• By Kevin Mount
  • Posted on Wednesday 05th December, 2007

Treating the sins of the fathers benefits the children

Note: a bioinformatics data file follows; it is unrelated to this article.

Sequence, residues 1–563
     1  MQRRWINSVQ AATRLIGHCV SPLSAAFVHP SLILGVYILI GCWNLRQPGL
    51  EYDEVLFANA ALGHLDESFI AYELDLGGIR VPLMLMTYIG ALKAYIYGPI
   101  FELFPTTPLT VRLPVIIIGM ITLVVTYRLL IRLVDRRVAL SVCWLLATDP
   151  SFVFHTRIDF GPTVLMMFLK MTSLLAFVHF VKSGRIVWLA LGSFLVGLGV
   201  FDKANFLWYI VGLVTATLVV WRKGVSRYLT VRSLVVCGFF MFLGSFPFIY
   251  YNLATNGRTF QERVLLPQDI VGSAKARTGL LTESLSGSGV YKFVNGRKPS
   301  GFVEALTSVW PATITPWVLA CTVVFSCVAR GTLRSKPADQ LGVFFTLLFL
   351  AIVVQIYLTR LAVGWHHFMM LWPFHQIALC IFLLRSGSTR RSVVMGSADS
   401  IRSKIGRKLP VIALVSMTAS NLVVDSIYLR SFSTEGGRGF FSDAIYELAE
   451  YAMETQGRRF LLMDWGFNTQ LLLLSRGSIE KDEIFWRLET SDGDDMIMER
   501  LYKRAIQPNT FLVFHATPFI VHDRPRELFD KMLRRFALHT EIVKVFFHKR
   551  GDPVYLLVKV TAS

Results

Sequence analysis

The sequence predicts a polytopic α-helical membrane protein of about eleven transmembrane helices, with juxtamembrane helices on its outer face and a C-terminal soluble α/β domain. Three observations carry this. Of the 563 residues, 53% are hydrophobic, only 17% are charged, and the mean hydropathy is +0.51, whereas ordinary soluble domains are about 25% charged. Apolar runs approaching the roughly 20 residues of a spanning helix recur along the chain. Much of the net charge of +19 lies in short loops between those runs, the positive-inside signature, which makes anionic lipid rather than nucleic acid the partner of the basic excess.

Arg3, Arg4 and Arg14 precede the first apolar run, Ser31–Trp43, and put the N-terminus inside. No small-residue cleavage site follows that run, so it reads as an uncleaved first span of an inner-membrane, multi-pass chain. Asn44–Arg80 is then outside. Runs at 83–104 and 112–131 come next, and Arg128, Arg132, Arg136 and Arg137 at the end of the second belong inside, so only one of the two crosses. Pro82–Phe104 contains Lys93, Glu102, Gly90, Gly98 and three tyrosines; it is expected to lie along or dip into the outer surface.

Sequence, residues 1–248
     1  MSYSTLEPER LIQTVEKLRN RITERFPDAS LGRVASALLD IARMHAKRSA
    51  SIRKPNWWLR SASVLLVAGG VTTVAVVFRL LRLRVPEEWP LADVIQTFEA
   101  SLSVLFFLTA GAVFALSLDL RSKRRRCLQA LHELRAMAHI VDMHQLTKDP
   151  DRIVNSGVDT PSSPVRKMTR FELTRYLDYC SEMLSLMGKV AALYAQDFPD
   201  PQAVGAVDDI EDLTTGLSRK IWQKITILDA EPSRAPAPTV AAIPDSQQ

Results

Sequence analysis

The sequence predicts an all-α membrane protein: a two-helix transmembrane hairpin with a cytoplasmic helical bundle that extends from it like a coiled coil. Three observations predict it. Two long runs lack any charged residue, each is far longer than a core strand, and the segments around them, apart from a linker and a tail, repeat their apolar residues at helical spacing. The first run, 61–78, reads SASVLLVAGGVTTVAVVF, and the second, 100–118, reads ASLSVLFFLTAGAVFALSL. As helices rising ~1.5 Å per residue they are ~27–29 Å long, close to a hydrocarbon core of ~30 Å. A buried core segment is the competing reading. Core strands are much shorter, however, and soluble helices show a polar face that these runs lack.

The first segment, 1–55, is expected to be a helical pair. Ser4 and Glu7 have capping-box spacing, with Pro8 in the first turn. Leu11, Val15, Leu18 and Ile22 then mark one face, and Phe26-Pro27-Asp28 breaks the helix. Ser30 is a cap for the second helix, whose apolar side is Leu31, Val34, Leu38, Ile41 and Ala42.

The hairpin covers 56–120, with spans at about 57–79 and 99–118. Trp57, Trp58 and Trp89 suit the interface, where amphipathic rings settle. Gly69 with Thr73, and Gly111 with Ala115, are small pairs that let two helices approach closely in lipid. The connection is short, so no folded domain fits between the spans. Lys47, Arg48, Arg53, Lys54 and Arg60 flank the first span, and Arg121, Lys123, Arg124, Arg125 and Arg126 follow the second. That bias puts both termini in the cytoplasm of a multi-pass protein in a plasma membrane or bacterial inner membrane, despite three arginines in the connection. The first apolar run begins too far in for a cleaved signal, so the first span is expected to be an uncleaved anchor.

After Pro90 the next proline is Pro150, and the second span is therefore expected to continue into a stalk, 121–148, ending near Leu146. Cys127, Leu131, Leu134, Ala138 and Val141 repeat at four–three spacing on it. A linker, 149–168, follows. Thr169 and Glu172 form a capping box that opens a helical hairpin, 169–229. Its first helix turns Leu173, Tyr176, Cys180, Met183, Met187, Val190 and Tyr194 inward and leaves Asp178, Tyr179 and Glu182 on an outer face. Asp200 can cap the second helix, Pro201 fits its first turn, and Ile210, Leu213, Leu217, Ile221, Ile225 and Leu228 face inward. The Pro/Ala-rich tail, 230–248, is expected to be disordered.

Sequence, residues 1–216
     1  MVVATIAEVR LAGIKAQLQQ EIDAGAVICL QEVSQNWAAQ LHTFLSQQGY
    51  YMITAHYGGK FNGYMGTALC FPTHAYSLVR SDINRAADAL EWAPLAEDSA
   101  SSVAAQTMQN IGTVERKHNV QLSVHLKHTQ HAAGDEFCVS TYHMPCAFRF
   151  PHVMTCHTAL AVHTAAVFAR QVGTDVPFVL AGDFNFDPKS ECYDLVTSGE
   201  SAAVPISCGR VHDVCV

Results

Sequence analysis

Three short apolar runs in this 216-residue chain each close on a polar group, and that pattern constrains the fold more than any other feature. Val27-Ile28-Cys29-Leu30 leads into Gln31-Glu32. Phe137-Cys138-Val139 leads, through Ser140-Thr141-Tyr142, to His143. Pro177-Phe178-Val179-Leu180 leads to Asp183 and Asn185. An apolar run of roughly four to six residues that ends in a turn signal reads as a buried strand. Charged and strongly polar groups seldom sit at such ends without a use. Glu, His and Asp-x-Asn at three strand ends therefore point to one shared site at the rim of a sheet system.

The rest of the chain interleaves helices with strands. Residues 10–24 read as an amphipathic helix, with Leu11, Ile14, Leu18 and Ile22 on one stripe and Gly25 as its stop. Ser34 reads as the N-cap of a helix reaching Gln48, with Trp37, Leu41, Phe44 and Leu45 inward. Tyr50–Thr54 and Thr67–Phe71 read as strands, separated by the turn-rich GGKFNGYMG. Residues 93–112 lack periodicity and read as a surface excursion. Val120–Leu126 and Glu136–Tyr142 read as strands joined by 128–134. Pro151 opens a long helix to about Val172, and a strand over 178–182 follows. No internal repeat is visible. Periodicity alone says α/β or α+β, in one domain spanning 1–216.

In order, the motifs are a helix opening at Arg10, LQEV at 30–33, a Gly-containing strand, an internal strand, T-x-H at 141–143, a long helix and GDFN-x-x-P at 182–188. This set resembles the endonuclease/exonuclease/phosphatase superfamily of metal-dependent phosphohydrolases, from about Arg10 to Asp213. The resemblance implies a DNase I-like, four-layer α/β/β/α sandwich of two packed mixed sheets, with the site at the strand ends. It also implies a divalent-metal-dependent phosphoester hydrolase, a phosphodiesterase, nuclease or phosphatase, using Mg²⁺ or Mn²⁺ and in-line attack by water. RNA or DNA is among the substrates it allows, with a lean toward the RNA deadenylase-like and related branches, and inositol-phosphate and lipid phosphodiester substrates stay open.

Children are not generally immune to their parents’ problems. Children with alcoholic or drug-abusing parents often develop behavior or emotional problems of their own, which commonly dissipate if and when their parents get effective treatment. Interested in this good side-effect of substance abuse treatment programs, researchers Michelle L. Kelley and William Fals-Stewart wondered whether certain kinds of kids benefit more from their parents’ treatment. Specifically, they set out to discover whether younger children would benefit more.Their study involved 131 alcoholic fathers, their spouses, their pre-adolescent and adolescent children, and their children’s teachers. The parents participated in a program run by the Addiction and Family Research Group called Learning Sobriety Together (LST), which involved 20 weekly individual counseling sessions for the fathers and 12 weeks of couples therapy for fathers and mothers. Through interviews with study participants, the researchers assessed the fathers’ drinking and the children’s behavior and emotional well being over 17 months, before, during, and after the LST program ended. They found that the younger children (aged 8-12) appeared to be more affected by their father’s drinking and parents’ relationship than adolescents (aged 13-16). According to their parents’, their teachers’ and their own accounts, the younger kids acted out more before their fathers got treatment and were better behaved afterwards than older kids. Kelley and Fals-Stewart (from Old Dominion University and RIT International in the US respectively) note that substance abuse programs are important not only for the abusers, but also for their families, particularly their younger children. However, they also caution that teens tend to be more influenced by their peers and less by their parents, so they might need more help than their younger siblings.• Summary of “Treating Paternal Alcoholism With Learning Sobriety Together: Effects on Adolescents Versus Pre-adolescents” by Michelle L. Kelley and William Fals-Stewart in Journal of Family Psychology, Volume 21, Issue 3, pp 435-444, 2007.

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